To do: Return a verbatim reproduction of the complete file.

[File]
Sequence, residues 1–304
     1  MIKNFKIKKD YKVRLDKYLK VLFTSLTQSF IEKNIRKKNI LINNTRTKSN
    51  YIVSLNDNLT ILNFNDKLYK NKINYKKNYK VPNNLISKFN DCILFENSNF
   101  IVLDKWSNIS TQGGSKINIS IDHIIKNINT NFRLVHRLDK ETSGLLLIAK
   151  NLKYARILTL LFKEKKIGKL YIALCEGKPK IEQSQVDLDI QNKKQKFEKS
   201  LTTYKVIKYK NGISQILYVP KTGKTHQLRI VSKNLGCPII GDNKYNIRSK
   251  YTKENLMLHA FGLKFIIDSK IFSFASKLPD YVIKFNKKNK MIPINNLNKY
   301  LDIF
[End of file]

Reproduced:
Sequence, residues 1–304
     1  MIKNFKIKKD YKVRLDKYLK VLFTSLTQSF IEKNIRKKNI LINNTRTKSN
    51  YIVSLNDNLT ILNFNDKLYK NKINYKKNYK VPNNLISKFN DCILFENSNF
   101  IVLDKWSNIS TQGGSKINIS IDHIIKNINT NFRLVHRLDK ETSGLLLIAK
   151  NLKYARILTL LFKEKKIGKL YIALCEGKPK IEQSQVDLDI QNKKQKFEKS
   201  LTTYKVIKYK NGISQILYVP KTGKTHQLRI VSKNLGCPII GDNKYNIRSK
   251  YTKENLMLHA FGLKFIIDSK IFSFASKLPD YVIKFNKKNK MIPINNLNKY
   301  LDIF